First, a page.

Abstract: The economic effects of environmental policies are of central interest to policymakers. The traditional approach sees environmental policies as a burden on economic activity, at least in the short to medium term, as they raise costs without increasing output and restrict the set of production technologies and outputs. In contrast, the Porter Hypothesis claims that well-designed environmental policies can provide a ‘free lunch’ – encouraging innovation, bringing about gains in profitability and productivity that can outweigh the costs of the policy. This paper reviews the empirical evidence on the link between environmental policy stringency and productivity growth, and the various channels through which such effects can take place. The results are ambiguous, in particular as many of the studies are fragile and context-specific, impeding the generalisation of conclusions. Practical problems related to data, measurement and estimation strategies are discussed, leading to suggestions how they can be addressed in future research. These include: improving the measurement of environmental policy stringency; investigating into effects of different types of instruments and details of instrument design; exploiting cross-country variation; and the complementary use of different levels of aggregation. Politiques environnementales et croissance de la productivité : Un examen critique des résultats Les effets économiques des politiques environnementales revêtent un intérêt crucial pour les responsables de l'action publique. Suivant l'approche classique, les politiques environnementales sont considérées comme un fardeau pour l'activité économique, au moins dans une perspective de court à moyen terme, étant donné qu'elles entraînent une hausse des coûts sans pour autant faire augmenter la production et qu'elles limitent l'éventail des technologies de production et des produits. À l'inverse, suivant l'hypothèse de Porter, des politiques environnementales judicieusement conçues peuvent procurer des avantages sans contrepartie, en encourageant l'innovation et en débouchant sur des gains de rentabilité et de productivité qui peuvent l'emporter sur les coûts des politiques considérées. Nous examinons dans ce document de travail les données empiriques relatives à la relation existant entre la rigueur des politiques environnementales et la croissance de la productivité, ainsi que les différents canaux via lesquels les effets considérés peuvent se produire. Les résultats de cet examen sont ambigus, notamment dans la mesure où de nombreuses études sont fragiles et spécifiquement liées à un contexte donné, ce qui ne permet pas d'en généraliser les conclusions. Des problèmes pratiques liés aux données ainsi qu'aux stratégies de mesure et d'estimation sont examinés, et des propositions sont formulées en vue d'y remédier dans le cadre de futurs travaux de recherche. Il est notamment suggéré d'améliorer la mesure de la rigueur des politiques environnementales, d'analyser les effets des différents types d'instruments et d'examiner en détail leur conception, d'exploiter les variations observées entre pays, et d'utiliser de manière complémentaire différents niveaux d'agrégation.
    Keywords: productivity, environmental policy, Porter hypothesis, innovation, innovation, hypothèse de Porter, politiques environnementales, productivité
    JEL: D24 O31 O47 Q50 Q55 Q58
    Date: 2013–11–19
  19. By: Hottenrott, Hanna; Lawson, Cornelia
    Abstract: This paper empirically investigates complementarities between different sources of research funding with regard to academic publishing. We find for a sample of UK engineering academics that competitive funding is associated with an increase in ex-post publications but that industry funding decreases the marginal utility of public funding by lowering the publication and citation rate increases associated with public grants. However, when holding all other explanatory variables at their mean, the negative effect of the interaction does not translate into an effective decrease in publication and citation numbers. The paper also shows that the positive effect of public funding is driven by UK research council and charity grants and that EU funding has no significant effect on publication outcomes.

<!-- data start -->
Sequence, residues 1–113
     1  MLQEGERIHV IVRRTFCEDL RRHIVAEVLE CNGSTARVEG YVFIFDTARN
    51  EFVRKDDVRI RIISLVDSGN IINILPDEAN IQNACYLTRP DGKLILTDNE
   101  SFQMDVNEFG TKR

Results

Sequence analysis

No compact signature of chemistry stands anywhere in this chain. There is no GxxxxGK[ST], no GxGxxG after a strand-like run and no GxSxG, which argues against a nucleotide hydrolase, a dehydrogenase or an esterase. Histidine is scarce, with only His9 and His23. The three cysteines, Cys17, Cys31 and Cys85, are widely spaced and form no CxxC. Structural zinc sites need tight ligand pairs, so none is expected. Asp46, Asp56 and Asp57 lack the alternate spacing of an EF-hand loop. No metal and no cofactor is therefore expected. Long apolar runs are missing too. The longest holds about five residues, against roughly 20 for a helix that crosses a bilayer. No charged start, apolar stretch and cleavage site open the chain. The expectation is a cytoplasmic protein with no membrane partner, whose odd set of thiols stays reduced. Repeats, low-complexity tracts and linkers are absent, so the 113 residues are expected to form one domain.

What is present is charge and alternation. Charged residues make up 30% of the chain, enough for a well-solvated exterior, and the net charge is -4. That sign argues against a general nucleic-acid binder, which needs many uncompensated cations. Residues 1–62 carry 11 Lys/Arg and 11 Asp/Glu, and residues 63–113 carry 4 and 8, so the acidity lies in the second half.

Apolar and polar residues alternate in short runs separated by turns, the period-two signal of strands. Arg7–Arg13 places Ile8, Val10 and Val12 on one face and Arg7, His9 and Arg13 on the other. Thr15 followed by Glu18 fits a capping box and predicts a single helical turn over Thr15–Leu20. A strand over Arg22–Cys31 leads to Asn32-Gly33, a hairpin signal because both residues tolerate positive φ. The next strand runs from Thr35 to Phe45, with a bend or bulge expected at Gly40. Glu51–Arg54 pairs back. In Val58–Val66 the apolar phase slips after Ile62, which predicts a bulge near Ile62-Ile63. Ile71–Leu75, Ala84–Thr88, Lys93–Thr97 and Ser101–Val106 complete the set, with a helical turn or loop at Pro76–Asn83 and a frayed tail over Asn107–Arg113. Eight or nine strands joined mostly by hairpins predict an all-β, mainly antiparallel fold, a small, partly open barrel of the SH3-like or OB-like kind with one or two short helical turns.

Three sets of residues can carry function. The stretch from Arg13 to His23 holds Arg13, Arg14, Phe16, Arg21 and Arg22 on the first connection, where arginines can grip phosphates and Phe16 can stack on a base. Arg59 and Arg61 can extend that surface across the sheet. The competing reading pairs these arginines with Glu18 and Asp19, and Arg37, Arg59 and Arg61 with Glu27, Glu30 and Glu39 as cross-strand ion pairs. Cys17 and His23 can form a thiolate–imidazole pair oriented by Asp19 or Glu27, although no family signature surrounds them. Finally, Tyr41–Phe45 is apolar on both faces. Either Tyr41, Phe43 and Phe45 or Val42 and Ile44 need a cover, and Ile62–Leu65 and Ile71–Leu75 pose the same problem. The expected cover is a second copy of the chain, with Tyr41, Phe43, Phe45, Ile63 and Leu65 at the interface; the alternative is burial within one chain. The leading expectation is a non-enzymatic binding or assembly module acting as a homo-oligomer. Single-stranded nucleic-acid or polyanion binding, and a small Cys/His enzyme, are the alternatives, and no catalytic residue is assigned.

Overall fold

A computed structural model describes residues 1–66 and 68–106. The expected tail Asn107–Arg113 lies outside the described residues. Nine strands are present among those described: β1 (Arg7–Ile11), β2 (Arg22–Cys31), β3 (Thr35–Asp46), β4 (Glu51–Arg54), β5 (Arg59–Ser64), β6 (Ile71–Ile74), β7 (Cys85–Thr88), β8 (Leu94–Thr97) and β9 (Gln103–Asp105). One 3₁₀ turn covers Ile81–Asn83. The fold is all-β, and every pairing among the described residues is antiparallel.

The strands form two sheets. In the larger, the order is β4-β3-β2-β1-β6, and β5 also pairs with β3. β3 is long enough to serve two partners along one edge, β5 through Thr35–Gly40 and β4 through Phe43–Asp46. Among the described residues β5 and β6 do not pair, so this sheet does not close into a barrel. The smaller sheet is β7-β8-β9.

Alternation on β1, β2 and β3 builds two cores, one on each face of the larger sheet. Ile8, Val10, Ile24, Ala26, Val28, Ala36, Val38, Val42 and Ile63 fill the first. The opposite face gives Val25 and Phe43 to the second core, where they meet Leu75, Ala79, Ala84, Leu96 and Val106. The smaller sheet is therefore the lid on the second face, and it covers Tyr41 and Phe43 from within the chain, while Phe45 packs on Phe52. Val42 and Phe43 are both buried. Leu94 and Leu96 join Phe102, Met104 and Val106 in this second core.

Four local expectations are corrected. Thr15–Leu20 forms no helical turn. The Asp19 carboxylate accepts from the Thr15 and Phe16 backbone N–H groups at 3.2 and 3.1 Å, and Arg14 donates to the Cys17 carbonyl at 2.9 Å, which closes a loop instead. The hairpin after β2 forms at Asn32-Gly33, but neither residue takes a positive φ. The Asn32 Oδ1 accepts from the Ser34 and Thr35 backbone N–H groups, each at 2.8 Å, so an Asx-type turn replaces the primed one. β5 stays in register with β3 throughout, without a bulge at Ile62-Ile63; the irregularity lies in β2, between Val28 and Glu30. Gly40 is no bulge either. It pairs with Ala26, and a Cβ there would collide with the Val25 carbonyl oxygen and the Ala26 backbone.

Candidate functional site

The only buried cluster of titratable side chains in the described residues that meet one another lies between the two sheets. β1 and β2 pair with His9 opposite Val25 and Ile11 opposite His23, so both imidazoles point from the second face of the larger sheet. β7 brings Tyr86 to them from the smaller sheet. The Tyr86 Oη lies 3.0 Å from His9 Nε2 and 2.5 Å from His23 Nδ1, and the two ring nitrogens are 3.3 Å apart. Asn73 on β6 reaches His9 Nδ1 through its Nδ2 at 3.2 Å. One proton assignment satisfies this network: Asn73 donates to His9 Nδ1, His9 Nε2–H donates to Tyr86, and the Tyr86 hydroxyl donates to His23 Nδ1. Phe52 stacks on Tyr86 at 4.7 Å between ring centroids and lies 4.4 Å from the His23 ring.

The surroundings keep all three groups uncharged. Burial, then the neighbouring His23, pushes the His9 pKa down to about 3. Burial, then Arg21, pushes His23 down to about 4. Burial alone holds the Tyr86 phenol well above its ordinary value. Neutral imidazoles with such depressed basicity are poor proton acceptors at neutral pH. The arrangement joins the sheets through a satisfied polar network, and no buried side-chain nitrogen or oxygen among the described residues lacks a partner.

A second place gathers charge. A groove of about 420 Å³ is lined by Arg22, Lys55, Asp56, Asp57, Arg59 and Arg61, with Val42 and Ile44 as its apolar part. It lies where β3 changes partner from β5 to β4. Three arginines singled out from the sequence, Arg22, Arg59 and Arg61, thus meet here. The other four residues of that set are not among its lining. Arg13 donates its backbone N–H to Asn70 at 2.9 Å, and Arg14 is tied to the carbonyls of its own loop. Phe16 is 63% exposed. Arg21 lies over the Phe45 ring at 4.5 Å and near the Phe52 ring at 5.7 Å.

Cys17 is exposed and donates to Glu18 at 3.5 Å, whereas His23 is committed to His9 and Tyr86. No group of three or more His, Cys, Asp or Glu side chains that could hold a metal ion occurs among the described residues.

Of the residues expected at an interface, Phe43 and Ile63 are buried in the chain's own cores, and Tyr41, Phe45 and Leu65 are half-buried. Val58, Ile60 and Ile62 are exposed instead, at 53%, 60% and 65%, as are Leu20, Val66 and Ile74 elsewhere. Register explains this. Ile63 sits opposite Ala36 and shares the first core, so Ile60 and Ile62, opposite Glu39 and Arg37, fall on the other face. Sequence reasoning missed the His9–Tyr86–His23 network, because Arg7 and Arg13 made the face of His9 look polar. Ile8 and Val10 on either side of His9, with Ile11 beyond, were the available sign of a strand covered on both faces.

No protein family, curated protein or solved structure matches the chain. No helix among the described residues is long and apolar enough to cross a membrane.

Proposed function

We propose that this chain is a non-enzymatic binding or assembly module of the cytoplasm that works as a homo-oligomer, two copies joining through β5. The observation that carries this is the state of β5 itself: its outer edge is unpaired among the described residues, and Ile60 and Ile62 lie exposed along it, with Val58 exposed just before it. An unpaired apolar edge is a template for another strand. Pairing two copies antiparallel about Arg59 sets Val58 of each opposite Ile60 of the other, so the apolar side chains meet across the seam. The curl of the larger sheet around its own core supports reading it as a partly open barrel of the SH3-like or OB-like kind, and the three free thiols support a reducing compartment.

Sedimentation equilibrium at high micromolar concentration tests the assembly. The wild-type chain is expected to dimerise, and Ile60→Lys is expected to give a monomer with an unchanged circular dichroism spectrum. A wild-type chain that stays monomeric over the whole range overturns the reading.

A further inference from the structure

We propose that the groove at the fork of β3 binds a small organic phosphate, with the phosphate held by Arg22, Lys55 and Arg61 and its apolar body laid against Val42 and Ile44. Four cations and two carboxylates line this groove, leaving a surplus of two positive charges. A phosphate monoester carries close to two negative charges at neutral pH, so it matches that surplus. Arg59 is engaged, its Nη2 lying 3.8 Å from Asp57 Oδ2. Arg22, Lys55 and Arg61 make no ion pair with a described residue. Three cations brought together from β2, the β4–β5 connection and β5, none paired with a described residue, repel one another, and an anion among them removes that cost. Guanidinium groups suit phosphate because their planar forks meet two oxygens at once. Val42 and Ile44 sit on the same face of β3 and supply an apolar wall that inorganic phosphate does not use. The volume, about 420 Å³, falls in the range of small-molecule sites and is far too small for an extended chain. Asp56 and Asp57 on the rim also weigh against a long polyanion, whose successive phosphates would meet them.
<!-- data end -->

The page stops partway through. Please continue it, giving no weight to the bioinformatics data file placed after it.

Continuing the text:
Keywords: research funding; university-industry collaboration; scientific productivity;
    Date: 2013–12
  20. By: Carl Kitchens; Price Fishback
    Abstract: To isolate the impact of access to electricity on local economies, we examine the impact of the Rural Electrification Administration low-interest loans in the 1930s. The REA provided loans to cooperatives to lay distribution lines to farms and aid in wiring homes. Consequently, the number of rural farm homes electrified doubled in the United States within 5 years. We develop a panel data set for the 1930s and use changes within counties over time to identify the effect of the REA loans on a wide range of socio-economic measures. The REA loans contributed significantly to increases in crop output and crop productivity and helped stave off declines in overall farm output, productivity, and land values, but had much smaller effects on nonagricultural parts of the economy. The ex-ante subsidy from the low interest loans was large, but after the program was completed, nearly all of the loans were fully repaid, and the ultimate cost to the taxpayer was relatively low.
    JEL: N12 O13 O38
    Date: 2013–12
  21. By: Neville Arjani; Graydon Paulin
    Abstract: The financial systems of some countries fared materially better than others during the global financial crisis of 2007-09. The performance of the Canadian banking system during this period was relatively strong. Using a case study approach together with empirical analysis, we assess some of the factors that contributed to this favourable outcome with a view to drawing useful lessons for regulatory reform. We argue that an important contributor to positive bank performance was a solid approach to risk management on the part of the Canadian banking system, an approach that was actively fostered by the domestic authorities. Efforts to buttress risk management were favourably influenced by several stressful yet instructive episodes in Canadian financial history. The 2007-09 crisis experience suggests a need to make risk management a pervasive element of financial system culture and emphasizes the importance of robust liquidity management.
    Keywords: Financial institutions; Financial system regulation and policy
    JEL: G21 G28
    Date: 2013

General information on the NEP project can be found at For comments please write to the director of NEP, Marco Novarese at <>. Put “NEP” in the subject, otherwise your mail may be rejected.
NEP’s infrastructure is sponsored by the School of Economics and Finance of Massey University in New Zealand.